A tax break for multinational corporations favored
by the technology industry survived a contentious committee vote in the U.S.
House of Representatives late Monday night and now moves to a full floor
vote later this week.
Part of a much broader, complex bill aimed at halting European Union (EU)
trade sanctions, the measure approved by the House Ways and Means Committee
reduces foreign dividend taxes from 35 percent to 5.25 percent for one year.
A similar provision is included in the Senate version of the bill passed
Tech proponents say the tax break will “repatriate” more than $300 billion
into the U.S. economy and create as many as a half million new jobs. Both
Democratic and Republican critics of the provision say it rewards companies
for shipping jobs overseas.
The overall bill passed by the House committee — the Jumpstart Our Business
Strength (JOBS) Act — is aimed at addressing the sanctions that went into
effect March 1, when the EU began collecting a five percent penalty tariff
on a wide variety of U.S. goods. The penalty increases by one percent per
month over the next year.
The sanctions followed a ruling last year by the World Trade Organization
(WTO) that called an annual $5 billion tax break given to U.S. exporters an
illegal export subsidy. The WTO set a March 1 deadline for Washington to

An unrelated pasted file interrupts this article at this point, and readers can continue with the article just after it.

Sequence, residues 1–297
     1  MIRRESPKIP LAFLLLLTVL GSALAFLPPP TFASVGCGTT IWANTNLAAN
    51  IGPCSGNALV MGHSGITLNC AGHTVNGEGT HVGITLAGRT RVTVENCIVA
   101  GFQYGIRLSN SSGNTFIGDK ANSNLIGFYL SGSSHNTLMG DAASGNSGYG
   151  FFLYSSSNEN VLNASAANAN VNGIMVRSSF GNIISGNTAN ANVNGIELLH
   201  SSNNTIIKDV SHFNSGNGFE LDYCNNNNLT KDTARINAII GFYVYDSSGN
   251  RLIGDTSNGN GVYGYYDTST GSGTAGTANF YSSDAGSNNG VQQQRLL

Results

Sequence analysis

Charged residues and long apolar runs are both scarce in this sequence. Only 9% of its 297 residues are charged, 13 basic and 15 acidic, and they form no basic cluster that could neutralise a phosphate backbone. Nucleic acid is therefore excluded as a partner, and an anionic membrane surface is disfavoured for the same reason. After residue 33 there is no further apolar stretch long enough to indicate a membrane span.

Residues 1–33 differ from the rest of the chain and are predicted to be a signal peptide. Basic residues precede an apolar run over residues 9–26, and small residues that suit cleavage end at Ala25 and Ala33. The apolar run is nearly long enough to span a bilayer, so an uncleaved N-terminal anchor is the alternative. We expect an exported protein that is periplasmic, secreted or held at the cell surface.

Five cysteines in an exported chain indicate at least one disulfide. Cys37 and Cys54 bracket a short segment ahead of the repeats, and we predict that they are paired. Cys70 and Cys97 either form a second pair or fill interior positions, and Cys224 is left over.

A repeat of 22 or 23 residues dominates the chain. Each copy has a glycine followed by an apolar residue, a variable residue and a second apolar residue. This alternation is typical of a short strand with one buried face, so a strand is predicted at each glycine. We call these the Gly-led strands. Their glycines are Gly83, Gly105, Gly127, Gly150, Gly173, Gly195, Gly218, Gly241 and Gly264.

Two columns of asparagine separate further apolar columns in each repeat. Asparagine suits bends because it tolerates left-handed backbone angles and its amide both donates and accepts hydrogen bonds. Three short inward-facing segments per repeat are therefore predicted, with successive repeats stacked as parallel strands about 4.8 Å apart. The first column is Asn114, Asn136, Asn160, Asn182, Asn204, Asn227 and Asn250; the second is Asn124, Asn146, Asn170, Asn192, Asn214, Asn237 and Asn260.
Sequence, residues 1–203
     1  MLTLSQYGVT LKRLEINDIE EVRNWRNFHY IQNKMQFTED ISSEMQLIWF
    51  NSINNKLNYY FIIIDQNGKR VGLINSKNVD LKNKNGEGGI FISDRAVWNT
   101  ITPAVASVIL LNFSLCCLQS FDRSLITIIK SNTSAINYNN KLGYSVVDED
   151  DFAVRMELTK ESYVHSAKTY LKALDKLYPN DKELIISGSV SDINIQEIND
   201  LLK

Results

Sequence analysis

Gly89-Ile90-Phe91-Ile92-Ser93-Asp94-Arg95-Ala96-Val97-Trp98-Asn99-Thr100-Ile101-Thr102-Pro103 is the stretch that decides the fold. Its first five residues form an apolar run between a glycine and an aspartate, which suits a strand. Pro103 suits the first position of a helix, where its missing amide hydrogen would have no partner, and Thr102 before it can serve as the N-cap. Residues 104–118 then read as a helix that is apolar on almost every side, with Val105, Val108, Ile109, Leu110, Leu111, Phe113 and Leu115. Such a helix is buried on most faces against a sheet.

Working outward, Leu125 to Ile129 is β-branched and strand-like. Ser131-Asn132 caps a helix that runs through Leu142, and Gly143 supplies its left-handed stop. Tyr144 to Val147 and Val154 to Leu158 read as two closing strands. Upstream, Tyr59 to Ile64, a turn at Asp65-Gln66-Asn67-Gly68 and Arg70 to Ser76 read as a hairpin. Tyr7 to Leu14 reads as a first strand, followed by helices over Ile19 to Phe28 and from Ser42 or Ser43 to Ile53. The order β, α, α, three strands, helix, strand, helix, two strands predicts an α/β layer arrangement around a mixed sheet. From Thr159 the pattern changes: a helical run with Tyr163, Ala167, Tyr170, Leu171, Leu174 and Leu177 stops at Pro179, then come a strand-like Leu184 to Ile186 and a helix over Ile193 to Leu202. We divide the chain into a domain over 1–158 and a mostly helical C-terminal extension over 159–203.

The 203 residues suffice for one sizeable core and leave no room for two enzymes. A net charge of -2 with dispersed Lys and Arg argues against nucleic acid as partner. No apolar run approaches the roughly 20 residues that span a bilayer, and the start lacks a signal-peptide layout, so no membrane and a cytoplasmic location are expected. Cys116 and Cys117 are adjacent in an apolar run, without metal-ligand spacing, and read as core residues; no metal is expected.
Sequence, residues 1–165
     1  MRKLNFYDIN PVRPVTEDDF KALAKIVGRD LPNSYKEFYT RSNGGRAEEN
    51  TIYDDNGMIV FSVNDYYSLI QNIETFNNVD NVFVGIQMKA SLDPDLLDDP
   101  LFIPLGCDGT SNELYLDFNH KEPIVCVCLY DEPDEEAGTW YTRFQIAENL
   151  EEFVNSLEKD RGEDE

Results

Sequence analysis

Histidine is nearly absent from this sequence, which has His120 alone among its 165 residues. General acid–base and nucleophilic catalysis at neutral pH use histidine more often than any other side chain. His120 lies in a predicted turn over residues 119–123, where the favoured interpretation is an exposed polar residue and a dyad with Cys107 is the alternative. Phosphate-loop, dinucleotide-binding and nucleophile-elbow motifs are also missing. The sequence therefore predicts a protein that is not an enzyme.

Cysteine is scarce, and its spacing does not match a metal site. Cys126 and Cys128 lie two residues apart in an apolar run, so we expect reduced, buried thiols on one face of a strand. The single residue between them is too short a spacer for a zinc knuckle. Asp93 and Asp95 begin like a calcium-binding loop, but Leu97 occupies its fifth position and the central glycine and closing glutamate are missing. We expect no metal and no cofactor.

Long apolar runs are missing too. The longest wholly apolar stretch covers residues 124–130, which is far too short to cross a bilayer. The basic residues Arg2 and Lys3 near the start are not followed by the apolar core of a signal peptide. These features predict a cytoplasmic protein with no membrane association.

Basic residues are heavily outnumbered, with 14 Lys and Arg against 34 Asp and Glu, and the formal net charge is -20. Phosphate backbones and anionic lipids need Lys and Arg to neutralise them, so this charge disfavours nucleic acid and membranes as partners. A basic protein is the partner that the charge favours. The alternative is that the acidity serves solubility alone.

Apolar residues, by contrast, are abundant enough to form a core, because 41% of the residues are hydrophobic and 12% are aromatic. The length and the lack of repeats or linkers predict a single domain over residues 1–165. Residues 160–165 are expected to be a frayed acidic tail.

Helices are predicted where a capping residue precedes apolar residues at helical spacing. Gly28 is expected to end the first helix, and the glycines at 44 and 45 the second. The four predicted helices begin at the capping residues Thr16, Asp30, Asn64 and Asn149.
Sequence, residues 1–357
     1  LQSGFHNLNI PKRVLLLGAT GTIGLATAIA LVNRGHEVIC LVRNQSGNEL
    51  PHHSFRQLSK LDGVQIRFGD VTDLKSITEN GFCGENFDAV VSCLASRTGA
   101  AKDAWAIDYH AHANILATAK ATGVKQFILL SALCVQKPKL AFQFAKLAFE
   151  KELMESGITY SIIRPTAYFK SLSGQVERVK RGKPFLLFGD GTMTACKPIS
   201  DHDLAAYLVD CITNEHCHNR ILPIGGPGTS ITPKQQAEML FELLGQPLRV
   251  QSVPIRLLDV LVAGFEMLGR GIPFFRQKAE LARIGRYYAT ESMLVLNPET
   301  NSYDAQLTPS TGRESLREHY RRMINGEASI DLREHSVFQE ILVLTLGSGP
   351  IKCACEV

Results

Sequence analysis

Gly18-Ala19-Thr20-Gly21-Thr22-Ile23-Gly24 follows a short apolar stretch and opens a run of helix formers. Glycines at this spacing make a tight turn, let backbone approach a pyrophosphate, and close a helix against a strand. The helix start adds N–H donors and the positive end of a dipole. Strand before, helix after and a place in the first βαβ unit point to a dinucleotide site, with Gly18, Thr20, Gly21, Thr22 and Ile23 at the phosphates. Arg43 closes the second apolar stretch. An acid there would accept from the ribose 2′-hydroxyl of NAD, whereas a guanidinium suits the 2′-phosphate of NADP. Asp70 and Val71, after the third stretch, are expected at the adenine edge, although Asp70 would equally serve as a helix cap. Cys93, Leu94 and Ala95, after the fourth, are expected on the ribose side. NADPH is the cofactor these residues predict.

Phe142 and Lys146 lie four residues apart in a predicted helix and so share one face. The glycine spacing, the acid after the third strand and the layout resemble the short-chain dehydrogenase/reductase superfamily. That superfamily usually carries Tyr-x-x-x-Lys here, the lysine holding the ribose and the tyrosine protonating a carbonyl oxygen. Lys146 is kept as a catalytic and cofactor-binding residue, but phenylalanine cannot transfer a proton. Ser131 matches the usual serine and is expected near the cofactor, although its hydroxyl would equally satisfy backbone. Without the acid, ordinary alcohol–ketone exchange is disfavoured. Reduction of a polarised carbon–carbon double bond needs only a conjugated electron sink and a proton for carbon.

change its tax code or be penalized. The House and Senate fix is the JOBS
Act, which alters portions of the corporate tax code in order to satisfy the
WTO and redistribute the tax breaks.
A full floor vote on the bill is tentatively scheduled for Thursday. If the
bill passes, differences between the House and Senate versions of the
legislation would be worked out in a joint conference committee before being
sent to the White House for President Bush’s approval.
As in the Senate debate
over the bill, Democrats in the House attempted to eliminate or sharply
reduce the foreign dividend revenue provision to underscore their concern
about offshore outsourcing. In the House, the one amendment to delay the
provision was defeated.
The multi-nation tax break has been championed TechNet, the
influential political lobbying group of CEOs and senior partners whose
members include Intel
In March, the TechNet executives sent a letter to
the White House strongly endorsing the foreign dividends provision.
“Under this proposal, impact on federal revenues is expected to be positive
for the first year and negligible over a ten-year period; at current
taxation levels, these dollars would just remain overseas,” the executives
wrote to President Bush. “In short, here’s a way to enable a tremendous
amount of domestic spending without increasing taxes, reducing federal
revenues or taking money away from needed federal programs.”
The letter adds, “Once this money is repatriated, specific targeted
incentives can ensure that it is invested for maximum economic impact.”